He came from a pedigree containing multiple Grade I winners. After being retired, he had joined those family members by winning at racing's highest level. Though he did not have the career that ancestors like Affirmed, A.P. Indy or Seattle Slew achieved, Gormley still managed to find success on the track.
A stunning bay son of noted sire Malibu Moon, Gormley was named for sculptor Antony Gormley. Purchased for $150,000 at the 2015 Keeneland September Yearling Sale, Gormley was sent to the barn of trainer John Shirreffs, who conditioned the legendary Zenyatta. The connections were quite familiar to Southern California racing fans; in addition to being conditioned by Shirreffs, Gormley was bred by Jerry and Ann Moss, the owners of Queen Z. Thus, fans saw the pink and blue silks they saw with Zenyatta when Gormley was in action.
Starting three times as a juvenile, Gormley was twice a winner. After breaking his maiden first time out at Del Mar, the colt promptly became a Grade I winner by taking Santa Anita's FrontRunner Stakes a few weeks later. His lone loss came in the Grade I Breeders' Cup Juvenile, but he had some trouble and raced wide in that contest. But Gormley was young and had talent. He could rebound from the defeat.
He did just that at the start of the 2017 season. Based at Santa Anita, Gormley took the Grade III Sham Stakes, the traditional opener to Southern California's Kentucky Derby prep season. What's more, it came on an off track, showing Gormley possessed another strength as a racehorse.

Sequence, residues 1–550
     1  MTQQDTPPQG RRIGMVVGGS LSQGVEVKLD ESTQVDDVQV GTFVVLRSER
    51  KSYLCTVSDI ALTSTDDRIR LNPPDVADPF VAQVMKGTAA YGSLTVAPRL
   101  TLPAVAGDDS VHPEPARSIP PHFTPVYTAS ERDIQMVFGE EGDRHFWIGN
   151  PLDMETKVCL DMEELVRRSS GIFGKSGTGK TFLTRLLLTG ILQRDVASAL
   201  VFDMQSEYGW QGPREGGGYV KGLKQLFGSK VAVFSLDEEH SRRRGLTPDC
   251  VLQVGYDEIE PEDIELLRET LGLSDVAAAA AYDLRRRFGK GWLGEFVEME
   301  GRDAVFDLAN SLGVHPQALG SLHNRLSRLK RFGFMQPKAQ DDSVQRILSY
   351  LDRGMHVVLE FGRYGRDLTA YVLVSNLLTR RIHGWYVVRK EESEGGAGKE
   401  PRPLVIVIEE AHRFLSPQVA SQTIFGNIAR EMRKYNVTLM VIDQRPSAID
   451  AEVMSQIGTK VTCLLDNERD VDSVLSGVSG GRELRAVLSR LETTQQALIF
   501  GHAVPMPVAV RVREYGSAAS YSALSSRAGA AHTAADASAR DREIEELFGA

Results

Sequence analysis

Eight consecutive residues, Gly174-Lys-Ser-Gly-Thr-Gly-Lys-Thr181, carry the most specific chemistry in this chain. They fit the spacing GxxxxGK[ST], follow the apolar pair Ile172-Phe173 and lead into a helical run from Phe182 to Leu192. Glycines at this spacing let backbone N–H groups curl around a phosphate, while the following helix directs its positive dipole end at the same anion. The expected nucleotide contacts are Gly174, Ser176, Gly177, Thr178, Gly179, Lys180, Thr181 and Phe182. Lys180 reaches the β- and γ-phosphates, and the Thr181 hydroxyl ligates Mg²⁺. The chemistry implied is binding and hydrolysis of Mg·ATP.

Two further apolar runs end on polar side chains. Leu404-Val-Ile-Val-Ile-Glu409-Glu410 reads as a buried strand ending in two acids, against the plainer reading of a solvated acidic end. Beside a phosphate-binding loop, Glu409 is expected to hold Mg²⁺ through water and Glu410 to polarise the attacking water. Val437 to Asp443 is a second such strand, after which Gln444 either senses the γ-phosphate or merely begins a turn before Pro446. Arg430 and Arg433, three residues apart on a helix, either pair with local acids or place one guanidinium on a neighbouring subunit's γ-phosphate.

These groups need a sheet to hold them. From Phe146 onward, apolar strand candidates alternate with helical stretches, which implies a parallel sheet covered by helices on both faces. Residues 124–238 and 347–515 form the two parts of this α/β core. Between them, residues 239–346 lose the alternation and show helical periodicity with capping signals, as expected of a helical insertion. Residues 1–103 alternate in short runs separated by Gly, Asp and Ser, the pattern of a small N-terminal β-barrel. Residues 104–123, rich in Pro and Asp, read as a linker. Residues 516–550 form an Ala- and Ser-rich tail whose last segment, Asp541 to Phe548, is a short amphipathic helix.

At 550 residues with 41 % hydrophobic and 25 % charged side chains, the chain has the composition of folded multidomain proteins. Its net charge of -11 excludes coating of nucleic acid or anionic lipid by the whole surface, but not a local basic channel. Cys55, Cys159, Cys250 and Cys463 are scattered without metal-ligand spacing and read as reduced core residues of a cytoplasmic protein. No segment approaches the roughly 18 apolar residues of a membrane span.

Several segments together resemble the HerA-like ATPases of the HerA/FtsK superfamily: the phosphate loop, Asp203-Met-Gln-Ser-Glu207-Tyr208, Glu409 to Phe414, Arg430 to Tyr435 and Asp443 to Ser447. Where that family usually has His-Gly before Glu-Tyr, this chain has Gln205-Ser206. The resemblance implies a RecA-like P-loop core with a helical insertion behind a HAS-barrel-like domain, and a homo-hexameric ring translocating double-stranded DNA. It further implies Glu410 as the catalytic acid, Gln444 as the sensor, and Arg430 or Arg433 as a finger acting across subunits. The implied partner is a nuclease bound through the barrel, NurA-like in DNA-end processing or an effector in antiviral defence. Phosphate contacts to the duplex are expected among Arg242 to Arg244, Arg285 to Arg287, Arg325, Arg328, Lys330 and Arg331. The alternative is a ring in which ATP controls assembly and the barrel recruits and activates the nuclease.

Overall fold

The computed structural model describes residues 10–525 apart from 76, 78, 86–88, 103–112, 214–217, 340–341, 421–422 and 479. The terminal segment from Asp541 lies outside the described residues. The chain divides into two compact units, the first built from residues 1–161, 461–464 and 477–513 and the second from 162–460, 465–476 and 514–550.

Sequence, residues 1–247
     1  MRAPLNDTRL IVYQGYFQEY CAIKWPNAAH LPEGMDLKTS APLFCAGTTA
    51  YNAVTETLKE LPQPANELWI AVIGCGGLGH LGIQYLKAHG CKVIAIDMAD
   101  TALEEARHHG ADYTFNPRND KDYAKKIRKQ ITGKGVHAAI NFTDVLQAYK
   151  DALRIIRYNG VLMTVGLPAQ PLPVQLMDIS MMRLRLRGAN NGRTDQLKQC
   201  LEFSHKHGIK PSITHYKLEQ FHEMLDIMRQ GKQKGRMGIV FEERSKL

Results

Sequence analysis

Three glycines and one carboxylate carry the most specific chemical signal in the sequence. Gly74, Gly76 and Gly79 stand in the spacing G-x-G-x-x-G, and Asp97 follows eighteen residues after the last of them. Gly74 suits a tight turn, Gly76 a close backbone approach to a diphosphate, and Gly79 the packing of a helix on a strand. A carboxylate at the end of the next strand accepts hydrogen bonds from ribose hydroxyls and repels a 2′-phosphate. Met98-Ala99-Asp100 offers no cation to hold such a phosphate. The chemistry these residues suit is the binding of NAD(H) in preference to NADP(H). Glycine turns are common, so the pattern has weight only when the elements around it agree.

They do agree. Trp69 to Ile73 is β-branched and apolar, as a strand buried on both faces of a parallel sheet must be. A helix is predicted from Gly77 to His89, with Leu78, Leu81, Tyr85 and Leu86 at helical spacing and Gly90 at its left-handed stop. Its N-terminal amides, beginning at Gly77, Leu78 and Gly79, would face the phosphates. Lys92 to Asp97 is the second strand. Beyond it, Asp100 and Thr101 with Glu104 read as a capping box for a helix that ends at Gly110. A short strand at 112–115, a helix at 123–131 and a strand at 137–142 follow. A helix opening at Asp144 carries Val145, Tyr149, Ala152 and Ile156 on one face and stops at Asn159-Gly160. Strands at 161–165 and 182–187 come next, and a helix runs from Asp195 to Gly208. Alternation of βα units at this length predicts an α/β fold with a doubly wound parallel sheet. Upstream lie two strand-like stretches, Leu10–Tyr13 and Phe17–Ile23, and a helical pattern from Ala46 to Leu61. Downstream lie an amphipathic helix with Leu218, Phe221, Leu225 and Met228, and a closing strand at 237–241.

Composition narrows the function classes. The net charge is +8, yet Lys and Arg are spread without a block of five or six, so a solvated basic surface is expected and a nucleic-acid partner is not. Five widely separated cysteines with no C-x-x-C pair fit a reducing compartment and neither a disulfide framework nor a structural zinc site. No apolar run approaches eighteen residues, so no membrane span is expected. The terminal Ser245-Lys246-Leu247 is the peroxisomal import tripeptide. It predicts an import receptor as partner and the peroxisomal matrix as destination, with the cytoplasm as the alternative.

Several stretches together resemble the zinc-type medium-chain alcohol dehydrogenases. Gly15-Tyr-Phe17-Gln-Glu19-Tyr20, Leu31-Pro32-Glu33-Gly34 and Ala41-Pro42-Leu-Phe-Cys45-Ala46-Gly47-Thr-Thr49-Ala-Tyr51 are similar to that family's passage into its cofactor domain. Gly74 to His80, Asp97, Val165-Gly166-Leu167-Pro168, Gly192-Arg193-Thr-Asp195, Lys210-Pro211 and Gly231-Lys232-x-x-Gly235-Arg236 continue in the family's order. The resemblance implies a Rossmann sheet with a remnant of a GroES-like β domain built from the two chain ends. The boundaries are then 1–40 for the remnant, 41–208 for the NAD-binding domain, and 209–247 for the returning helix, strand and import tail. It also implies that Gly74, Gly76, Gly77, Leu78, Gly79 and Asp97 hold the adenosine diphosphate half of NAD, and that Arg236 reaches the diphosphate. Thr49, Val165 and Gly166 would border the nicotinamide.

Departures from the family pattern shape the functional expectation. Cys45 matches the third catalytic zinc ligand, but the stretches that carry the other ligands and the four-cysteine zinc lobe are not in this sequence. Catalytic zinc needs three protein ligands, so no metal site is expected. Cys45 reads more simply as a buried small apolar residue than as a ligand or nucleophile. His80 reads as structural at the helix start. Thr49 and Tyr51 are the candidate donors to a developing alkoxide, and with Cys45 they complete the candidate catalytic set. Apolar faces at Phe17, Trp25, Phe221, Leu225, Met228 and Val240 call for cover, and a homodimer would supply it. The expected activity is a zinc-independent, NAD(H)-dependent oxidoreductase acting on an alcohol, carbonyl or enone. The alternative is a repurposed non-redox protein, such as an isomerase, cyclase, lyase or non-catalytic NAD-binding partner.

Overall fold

The followup to the Sham was the Grade II San Felipe Stakes, which resulted in a fourth. But Gormley came back to take the Grade I Santa Anita Derby in April, the biggest Kentucky Derby prep race in Southern California. That gave him the distinction of winning a Grade I event at the ages of two and three, and he emerged as Southern California's top Kentucky Derby hope.
Going by the family tree, Gormley seemed bred to take a Triple Crown race. His grandsire was A.P. Indy, winner of the 1992 Belmont Stakes, and he had ties to Secretariat, Seattle Slew, and Affirmed, the three Triple Crown champions of the 1970s. Though nothing was of course guaranteed, the potential was there in the bloodline.
Unfortunately, a win in the spring classics eluded Gormley. He was ninth in the Kentucky Derby after encountering some late trouble, and finished fourth in the Belmont Stakes. He had a summer vacation after the Triple Crown season ended, and returned to where his career began almost a year earlier at Del Mar. Competing in the Shared Belief Stakes, he could not get to the winner's circle, coming in fourth place.
Approximately two months later, it was announced that Gormley would be retired and sent to Spendthrift Farm for stud duty. His race record stood at four wins in nine starts with $1,026,000. According to the BloodHorse Stallion Register, he is among Malibu Moon's highest earning offspring, and holds the distinction of being the only member of his sire's progeny to be a Grade I winner at 2 and 3.
Gormley's career was not as prolific compared to his predecessors, but he was capable of winning big races like they were. As to what his stallion career holds, that will be answered in the coming years. Who knows, perhaps Gormley will one day be victorious in a Triple Crown event as a sire. Malibu Moon did, just as A.P. Indy, Seattle Slew, and others in the family tree.
Gormley was a winner on the racetrack, so it is very possible we will talk about him as a Grade I winner as a stallion several times over in the years to come. Only it shall be as a stallion like his father and grandfather. It seems the apple might not fall far from the tree.
Sources: Malibu Moon Profile: https://www.bloodhorse.com/stallion-register/stallions/131806/malibu-moon
Gormley's Spendthrift Farm profile: https://www.spendthriftfarm.com/gormley/